Political experts gathered Friday at the University of California, Berkeley to examine why the top-two primary system has failed to generate more voter interest.
The system was approved by voters in 2010, and places everyone who would race in the same primary. The top two vote getters of any party advancing to the general election in November.
It was expected the system would energize voters in primary elections and would increase competition and diminish polarization.
"And it's not happening, they're not participating in the primaries," said Stanford professor Bruce Cain, who was one of the experts at Friday's meeting. "They're waiting until the November election, but the point is this isn't going to work if they don't participate in the first round."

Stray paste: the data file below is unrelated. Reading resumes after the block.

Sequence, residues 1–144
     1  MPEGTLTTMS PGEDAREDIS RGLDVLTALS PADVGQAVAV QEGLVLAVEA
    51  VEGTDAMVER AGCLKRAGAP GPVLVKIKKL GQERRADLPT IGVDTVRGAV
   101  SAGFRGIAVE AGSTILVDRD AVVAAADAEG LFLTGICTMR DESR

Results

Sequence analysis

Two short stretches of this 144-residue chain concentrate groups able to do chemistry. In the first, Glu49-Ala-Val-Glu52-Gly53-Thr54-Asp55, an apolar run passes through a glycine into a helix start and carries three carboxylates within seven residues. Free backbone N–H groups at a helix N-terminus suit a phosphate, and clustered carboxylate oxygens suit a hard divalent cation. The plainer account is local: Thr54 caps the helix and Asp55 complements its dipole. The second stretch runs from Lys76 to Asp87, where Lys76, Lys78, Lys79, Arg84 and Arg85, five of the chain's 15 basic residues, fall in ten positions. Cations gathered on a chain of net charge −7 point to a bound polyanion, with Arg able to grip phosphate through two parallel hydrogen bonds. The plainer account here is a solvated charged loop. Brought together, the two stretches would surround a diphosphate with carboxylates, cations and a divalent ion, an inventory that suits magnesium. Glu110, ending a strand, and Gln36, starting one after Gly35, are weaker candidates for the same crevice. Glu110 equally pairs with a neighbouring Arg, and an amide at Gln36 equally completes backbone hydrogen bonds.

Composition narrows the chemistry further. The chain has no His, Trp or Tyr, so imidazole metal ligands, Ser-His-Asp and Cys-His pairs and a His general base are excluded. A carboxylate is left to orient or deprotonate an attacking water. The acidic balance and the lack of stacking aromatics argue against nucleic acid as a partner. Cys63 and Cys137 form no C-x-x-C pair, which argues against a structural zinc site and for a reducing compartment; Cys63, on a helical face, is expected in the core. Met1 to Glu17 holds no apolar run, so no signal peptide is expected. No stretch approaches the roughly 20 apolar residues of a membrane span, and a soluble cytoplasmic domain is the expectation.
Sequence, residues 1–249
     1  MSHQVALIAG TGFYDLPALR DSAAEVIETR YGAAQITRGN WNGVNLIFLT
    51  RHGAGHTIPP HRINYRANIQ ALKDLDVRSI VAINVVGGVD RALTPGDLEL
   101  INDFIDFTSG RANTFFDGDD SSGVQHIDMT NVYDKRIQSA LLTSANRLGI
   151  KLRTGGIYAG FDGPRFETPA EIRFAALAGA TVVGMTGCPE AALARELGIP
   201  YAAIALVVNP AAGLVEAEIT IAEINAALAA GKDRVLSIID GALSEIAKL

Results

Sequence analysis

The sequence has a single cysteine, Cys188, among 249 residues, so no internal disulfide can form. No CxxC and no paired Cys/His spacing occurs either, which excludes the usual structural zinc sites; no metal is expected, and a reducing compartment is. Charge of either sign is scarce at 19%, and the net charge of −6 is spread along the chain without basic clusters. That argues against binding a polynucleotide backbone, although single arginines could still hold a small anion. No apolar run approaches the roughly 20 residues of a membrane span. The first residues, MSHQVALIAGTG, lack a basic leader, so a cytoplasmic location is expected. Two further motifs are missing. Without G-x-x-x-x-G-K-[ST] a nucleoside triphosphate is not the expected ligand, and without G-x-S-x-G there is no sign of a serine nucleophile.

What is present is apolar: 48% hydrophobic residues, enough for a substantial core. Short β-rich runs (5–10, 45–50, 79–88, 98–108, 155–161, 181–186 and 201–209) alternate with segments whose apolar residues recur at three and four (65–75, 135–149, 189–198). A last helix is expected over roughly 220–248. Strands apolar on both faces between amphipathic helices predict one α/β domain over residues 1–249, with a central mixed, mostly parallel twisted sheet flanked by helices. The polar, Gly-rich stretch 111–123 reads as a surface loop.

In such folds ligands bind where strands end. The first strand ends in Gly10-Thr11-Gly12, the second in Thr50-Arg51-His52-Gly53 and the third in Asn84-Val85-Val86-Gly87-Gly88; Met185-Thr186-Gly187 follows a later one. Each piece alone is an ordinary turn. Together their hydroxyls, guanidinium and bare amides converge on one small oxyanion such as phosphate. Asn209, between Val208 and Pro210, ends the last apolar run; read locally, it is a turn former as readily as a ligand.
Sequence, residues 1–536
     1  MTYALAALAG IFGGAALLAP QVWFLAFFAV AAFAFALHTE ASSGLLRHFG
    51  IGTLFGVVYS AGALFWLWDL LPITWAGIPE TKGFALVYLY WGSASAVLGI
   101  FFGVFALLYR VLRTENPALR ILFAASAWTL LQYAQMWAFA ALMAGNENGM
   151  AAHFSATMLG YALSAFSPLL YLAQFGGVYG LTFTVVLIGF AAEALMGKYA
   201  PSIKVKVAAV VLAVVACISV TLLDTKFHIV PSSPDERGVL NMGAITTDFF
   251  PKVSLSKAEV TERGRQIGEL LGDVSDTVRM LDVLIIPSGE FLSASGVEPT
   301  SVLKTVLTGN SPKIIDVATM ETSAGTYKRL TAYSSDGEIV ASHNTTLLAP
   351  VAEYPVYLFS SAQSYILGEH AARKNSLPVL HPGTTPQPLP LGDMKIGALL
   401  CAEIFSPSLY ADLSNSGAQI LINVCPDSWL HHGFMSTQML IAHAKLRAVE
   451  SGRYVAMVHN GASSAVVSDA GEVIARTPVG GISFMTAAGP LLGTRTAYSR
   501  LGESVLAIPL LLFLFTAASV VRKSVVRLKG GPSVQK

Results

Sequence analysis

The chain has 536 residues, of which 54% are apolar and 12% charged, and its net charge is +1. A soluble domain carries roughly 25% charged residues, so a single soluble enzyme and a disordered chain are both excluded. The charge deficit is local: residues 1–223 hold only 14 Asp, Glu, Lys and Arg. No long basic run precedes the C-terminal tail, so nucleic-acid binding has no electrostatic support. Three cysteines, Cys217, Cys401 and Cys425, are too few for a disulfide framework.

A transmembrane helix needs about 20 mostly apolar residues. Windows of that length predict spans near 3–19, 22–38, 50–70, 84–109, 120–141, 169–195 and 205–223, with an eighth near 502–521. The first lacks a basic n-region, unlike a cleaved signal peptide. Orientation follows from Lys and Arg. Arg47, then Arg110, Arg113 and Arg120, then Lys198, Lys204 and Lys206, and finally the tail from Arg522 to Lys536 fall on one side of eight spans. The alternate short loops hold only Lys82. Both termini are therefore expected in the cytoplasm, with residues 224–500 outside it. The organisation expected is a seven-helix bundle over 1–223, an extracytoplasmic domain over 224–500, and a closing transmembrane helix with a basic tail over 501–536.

In the Bay Area, the battle for California's 17th Congressional District appears to be the only local race garnering any attention for the upcoming primary elections.
Incumbent Mike Honda faces fellow Democrat and former Obama administration official Ro Khanna in the Bay Area's only competitive congressional primary.
Khanna has outpaced Honda in the money race. Honda's campaign said the real battle will be in November.
Republican challenger Vanila Singh's campaign manager said she's running aggressively in the heavily Democratic district, but won't participate in next month's televised debate.
"If you go onto her Facebook page you'll see she's doing three or four events out in the public every day," said Matt Shupe, Singh's campaign manager.